Treatment of traumatic brain injury?

Treatment may include rest, medication, and surgery. Mild traumatic brain injuries usually don't require treatment other than rest and over-the-counter pain relievers to treat headaches. However, a person with a mild traumatic brain injury usually needs to be closely monitored at home for any persistent, worsening, or new symptoms. You can also have follow-up appointments with your doctor.

People with mild to moderate TBI may only need minimal treatment. Your care may involve a short period of rest from sports, school, or work. Symptoms should improve within a few weeks. Traumatic brain injury (TBI) occurs when a sudden external physical attack damages the brain.

It is one of the most common causes of disability and death in adults. TBI is a broad term that describes a wide range of injuries that occur in the brain. Damage can be focal (limited to one area of the brain) or diffuse (occurs in more than one area of the brain). The severity of a brain injury can range from a mild concussion to a serious injury that leads to coma or even death.

Many patients with moderate or severe head injuries go directly from the emergency room to the operating room. In many cases, surgery is done to remove a large hematoma or contusion that significantly compresses the brain or increases pressure inside the skull. After surgery, these patients are under observation in the intensive care unit (ICU). If you have a moderate or severe injury, your doctor will start by stabilizing your injury.

This involves getting oxygen to the brain and body, maintaining blood flow, and controlling blood pressure. These precautions help prevent further damage. You may receive medicine in the hospital or need surgery. A surgeon can repair a skull fracture, stop bleeding in the brain, remove blood clots, or relieve pressure inside the skull.

Sometimes blood clots take time to form and surgery is needed days or weeks after the injury. This 15-point test helps a doctor or other emergency medical personnel assess the initial severity of a brain injury by checking the person's ability to follow instructions and move the eyes and limbs. Additional information and resources to help find the right place for your loved one may also be available through local, state, and national brain injury associations. The specifics of treatment, including type, environment, and duration, depending on the severity of the injury and the area of the brain that was injured.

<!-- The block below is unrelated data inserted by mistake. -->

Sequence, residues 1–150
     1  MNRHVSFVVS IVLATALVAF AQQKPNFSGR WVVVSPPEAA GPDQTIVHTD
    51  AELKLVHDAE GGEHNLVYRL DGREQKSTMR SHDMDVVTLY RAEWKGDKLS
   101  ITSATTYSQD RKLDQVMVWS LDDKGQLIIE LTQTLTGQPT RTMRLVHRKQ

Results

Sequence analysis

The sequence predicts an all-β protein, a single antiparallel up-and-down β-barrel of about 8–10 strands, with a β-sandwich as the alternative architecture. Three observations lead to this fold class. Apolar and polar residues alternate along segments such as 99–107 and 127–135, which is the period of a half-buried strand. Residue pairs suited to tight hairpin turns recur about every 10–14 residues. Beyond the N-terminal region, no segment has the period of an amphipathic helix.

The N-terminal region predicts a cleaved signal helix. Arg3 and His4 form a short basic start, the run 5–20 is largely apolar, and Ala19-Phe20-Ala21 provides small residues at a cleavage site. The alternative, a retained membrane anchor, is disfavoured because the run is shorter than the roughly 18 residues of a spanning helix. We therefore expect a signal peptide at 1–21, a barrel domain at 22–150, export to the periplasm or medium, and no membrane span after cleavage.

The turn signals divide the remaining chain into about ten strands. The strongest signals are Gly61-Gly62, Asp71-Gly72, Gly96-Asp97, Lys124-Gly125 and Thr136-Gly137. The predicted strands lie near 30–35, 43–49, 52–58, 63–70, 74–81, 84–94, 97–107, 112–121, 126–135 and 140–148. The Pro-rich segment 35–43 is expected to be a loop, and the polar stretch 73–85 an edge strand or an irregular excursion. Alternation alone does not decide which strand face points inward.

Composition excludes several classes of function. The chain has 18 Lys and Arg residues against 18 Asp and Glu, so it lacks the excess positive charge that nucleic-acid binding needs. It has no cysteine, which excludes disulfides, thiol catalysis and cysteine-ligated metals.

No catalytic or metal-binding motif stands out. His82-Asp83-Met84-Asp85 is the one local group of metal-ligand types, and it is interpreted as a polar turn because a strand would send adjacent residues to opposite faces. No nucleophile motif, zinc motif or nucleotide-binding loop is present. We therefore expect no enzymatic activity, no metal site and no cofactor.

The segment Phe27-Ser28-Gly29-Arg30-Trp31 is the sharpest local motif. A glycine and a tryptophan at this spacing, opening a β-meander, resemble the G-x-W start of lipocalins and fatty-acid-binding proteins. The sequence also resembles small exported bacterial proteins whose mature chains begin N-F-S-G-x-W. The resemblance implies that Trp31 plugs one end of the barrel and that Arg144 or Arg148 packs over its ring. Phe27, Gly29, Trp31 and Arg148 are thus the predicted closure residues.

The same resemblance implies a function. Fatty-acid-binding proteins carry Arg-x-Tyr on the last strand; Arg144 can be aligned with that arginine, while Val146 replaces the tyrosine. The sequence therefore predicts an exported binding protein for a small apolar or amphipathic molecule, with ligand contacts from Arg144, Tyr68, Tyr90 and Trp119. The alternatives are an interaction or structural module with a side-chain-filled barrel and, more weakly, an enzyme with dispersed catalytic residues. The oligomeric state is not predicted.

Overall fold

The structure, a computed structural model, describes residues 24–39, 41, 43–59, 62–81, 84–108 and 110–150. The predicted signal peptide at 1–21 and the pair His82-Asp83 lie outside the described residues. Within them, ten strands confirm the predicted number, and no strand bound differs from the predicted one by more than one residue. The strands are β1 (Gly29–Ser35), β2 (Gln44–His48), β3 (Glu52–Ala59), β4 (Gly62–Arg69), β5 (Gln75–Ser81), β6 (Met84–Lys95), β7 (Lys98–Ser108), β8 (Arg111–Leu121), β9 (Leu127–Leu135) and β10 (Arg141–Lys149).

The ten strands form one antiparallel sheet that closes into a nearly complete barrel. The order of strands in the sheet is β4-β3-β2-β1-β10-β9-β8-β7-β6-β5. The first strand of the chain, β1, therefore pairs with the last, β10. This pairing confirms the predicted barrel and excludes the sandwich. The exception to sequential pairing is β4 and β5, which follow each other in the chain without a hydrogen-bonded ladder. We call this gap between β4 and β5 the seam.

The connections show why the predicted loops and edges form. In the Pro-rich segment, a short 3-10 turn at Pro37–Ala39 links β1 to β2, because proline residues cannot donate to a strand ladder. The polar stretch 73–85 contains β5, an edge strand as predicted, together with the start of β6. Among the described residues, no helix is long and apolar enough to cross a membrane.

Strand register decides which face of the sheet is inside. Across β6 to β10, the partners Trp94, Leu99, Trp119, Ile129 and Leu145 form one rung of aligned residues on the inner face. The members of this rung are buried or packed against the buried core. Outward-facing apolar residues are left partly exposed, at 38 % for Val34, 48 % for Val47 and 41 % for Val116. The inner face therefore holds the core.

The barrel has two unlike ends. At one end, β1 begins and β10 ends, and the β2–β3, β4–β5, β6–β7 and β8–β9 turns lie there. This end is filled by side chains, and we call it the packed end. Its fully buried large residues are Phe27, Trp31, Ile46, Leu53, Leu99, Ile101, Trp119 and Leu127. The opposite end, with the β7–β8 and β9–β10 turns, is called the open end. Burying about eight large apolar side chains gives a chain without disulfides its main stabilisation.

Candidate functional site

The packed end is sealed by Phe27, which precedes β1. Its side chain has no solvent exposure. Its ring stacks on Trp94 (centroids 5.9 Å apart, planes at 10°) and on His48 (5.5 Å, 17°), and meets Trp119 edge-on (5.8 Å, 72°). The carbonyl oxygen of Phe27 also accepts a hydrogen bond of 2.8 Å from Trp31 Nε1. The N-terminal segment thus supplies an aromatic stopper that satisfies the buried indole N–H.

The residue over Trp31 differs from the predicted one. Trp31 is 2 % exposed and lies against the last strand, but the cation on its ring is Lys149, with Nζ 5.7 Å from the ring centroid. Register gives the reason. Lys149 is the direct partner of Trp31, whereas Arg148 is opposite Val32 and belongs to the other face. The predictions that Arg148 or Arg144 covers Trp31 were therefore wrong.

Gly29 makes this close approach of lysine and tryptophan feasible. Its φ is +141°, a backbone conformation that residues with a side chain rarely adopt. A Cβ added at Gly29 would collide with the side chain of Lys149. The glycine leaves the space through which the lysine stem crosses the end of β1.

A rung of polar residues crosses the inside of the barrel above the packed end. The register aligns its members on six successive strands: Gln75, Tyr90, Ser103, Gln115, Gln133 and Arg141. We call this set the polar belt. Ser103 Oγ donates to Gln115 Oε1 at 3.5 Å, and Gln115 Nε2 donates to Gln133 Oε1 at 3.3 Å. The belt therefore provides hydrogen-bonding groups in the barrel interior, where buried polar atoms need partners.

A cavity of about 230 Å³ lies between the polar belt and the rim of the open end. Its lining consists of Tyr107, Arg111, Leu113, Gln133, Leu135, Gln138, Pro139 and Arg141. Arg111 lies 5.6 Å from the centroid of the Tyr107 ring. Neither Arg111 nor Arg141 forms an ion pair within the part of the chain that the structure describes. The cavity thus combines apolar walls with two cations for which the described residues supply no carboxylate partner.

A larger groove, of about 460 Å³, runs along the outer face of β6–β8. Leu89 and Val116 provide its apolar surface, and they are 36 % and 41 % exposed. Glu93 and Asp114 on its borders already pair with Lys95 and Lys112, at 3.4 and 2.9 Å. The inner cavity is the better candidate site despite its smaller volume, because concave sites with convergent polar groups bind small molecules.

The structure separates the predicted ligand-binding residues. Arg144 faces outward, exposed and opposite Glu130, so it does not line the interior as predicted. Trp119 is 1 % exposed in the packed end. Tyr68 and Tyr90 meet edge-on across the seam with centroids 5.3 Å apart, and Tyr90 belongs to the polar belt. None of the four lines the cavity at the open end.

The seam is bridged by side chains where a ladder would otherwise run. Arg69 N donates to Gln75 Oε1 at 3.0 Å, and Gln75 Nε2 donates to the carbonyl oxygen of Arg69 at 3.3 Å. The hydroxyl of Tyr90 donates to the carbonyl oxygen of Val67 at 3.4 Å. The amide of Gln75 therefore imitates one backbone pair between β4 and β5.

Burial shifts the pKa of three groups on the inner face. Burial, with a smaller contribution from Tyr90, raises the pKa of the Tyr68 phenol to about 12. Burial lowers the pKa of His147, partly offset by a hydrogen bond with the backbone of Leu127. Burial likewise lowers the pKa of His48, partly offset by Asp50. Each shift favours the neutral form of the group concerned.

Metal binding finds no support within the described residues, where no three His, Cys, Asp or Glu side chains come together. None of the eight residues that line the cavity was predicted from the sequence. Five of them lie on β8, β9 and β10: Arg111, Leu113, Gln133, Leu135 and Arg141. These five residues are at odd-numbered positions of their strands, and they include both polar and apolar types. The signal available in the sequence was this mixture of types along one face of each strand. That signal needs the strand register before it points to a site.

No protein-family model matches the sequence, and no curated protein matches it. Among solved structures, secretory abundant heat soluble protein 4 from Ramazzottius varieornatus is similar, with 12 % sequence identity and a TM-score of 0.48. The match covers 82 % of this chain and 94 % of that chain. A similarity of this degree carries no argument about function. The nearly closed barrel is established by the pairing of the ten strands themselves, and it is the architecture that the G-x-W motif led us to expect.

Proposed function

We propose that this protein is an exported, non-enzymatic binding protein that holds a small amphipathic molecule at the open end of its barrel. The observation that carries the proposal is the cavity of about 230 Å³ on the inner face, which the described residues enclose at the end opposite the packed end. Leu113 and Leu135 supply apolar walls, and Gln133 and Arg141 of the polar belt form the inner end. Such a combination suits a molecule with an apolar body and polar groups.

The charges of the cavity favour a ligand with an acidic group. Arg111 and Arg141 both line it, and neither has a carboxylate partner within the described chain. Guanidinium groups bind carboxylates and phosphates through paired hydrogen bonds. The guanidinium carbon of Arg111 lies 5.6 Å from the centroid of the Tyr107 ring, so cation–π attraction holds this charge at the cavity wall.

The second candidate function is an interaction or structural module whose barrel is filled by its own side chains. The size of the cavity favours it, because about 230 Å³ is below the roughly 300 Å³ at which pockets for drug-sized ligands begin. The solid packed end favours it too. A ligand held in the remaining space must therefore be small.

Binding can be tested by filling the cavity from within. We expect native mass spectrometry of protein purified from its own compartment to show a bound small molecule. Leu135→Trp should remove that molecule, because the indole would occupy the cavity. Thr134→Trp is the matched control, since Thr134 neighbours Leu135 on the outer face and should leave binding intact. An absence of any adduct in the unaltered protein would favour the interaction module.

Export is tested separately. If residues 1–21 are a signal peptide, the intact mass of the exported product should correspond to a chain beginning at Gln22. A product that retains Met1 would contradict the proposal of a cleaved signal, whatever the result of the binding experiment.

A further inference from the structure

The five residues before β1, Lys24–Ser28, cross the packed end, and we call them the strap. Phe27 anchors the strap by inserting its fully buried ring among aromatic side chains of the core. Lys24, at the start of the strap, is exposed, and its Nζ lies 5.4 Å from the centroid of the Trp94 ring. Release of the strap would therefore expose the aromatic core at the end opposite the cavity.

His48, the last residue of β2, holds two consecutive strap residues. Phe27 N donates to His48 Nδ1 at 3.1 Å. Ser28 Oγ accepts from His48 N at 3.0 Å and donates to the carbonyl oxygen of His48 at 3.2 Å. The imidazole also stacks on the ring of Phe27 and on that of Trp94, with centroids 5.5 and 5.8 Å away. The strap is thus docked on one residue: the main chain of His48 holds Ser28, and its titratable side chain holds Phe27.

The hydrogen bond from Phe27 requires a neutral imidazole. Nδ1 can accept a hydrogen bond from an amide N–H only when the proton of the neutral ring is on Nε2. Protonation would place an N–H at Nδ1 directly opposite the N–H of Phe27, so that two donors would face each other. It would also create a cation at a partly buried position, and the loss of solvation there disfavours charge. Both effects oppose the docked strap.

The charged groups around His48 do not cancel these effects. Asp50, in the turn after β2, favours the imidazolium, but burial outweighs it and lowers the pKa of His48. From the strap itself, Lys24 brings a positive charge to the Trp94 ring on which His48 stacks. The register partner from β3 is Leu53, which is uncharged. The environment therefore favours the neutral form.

The depth of the coma and the time a patient spends in a coma vary greatly depending on the location and severity of the brain injury. But there is always a risk that parts of the treatment, such as physical therapy or occupational therapy, will cause new injuries or worsen existing symptoms or injuries if not done correctly. Treatments for traumatic brain injury depend on many factors, including the size, severity, and location of the brain injury. TBIs can cause “massive injury,” an area of localized injury, such as bruising and bruising, that increases pressure within the brain.

Primary brain injury refers to sudden and profound brain injury that is considered more or less complete at the time of impact. Inflammation of tissue from a traumatic brain injury can increase pressure inside the skull and cause additional damage to the brain. For example, if the injury affected the part of the brain involved in speech, you may need speech therapy. Emergency care for moderate to severe traumatic brain injuries focuses on ensuring that the person has enough oxygen and an adequate blood supply, maintaining blood pressure, and preventing any further injury to the head or neck.

A closed brain injury is caused by rapid forward or backward movement and a jolt of the brain inside the bony skull that causes bruising and tearing of brain tissue and blood vessels. However, recovery after brain injury can take place, especially in younger people, since, in some cases, other areas of the brain compensate for injured tissue. Closed brain injuries occur when there is a non-penetrating injury to the brain without rupture in the skull.